Cross reference is made to the following applications: U.S. patent application Ser. No. 11/602,943, which is entitled “Transport System for Solid Ink in a Printer”, U.S. patent application Ser. No. 11/602,931, which is entitled “Printer Solid Ink Transport and Method”, U.S. patent application Ser. No. 11/602,937, which is entitled “Guide For Printer Solid Ink Transport and Method”, and U.S. patent application Ser. No. 11/602,938, which is entitled “Transport System for Solid Ink for Cooperation with Melt Head in a Printer”, all of which were filed concurrently herewith and which are incorporated herein by reference.

2. TECHNICAL FIELD

The solid ink sticks described herein generally relate to high speed printers which have one or more printheads that receive molten ink heated from solid ink sticks or pellets. More specifically, the solid ink sticks relate to improving the ink transport system design and functionality.

3. BACKGROUND OF RELATED ART

So called “solid ink” printers encompass various imaging devices, including printers and multi-function platforms and offer many advantages over many other types of high speed or high output document reproduction technologies such as laser and aqueous inkjet approaches. These often include higher document throughput (i.e., the number of documents reproduced over a unit of time), fewer mechanical components needed in the actual image transfer process, fewer consumables to replace, sharper images, as well as being more environmentally friendly (far less packaging waste).

A schematic diagram for a typical solid ink imaging device is illustrated in FIG. 1. The solid ink imaging device, hereafter simply referred to as a printer 100 has an ink loader 110 which receives and stages solid ink sticks which remain in solid form at room temperatures. The ink stick can be refilled by a user by simply adding more ink as needed to the ink loader 110. Separate loader channels are used for the different colors. For, example, only black solid ink is needed for monochrome printing, while solid ink colors of black, cyan, yellow and magenta are typically needed for color printing. Each color is loaded and fed in independent channels of the ink loader.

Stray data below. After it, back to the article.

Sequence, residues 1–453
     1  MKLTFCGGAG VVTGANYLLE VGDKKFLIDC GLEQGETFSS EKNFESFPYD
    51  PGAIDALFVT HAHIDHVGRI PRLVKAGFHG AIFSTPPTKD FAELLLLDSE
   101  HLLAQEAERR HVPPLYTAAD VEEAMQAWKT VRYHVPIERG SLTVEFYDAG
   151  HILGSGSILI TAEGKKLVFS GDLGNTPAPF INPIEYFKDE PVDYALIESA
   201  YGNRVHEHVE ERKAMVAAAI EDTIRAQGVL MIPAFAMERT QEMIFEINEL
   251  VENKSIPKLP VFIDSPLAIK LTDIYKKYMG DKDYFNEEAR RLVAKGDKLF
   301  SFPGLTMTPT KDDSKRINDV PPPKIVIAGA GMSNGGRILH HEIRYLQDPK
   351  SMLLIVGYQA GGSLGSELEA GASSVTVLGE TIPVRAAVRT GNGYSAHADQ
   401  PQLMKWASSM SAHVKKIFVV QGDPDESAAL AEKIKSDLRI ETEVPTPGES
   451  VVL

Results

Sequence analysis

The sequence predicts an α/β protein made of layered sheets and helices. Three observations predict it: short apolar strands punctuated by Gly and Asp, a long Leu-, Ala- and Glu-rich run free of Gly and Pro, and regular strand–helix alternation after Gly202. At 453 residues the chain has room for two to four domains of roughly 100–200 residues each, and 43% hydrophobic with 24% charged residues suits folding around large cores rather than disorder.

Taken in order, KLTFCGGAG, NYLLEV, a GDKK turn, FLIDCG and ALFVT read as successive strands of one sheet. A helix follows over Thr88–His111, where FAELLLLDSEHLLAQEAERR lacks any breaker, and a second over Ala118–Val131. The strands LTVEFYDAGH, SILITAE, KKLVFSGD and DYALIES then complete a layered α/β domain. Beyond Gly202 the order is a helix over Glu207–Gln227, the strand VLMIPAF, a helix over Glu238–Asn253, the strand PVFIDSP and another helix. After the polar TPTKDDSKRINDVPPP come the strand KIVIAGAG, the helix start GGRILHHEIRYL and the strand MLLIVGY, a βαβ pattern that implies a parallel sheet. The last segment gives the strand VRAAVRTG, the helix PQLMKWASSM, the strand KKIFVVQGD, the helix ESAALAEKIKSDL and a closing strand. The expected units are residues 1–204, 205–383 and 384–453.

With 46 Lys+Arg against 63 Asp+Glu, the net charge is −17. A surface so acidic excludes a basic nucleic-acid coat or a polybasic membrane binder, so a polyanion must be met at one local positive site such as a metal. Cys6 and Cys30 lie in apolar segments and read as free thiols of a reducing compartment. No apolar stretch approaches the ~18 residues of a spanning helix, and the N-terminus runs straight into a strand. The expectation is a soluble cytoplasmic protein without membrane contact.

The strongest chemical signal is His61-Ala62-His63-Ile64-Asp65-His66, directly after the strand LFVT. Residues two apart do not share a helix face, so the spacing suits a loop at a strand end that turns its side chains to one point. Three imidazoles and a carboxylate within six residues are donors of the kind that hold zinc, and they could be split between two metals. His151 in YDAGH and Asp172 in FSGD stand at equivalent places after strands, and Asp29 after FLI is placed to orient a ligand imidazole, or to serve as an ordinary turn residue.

An ink melt unit 120 melts the ink by raising the temperature of the ink sufficiently above its melting point. During a melting phase of operation, the leading end of an ink stick contacts a melt plate or heated surface of the melt unit and the ink is melted in that region. The liquefied ink is supplied to a single or group of print heads 130 by gravity, pump action, or both. In accordance with the image to be reproduced, and under the control of a printer controller (not shown), a rotating print drum 140 receives ink droplets representing the image pixels to be transferred to paper or other media 170 from a sheet feeder 160. To facilitate the image transfer process, a pressure roller 150 presses the media 170 against the print drum 140, whereby the ink is transferred from the print drum to the media. The temperature of the ink can be carefully regulated so that the ink fully solidifies just after the image transfer.

While there may be advantages to the use of solid ink printers compared to other image reproduction technologies, high speed and voluminous printing sometimes creates problems not satisfactorily addressed by the prior art solid ink printing architectures. To meet the large ink volume requirement, ink loaders must have large storage capacity and be able to be replenished by loading ink at any time the loader has capacity for additional ink.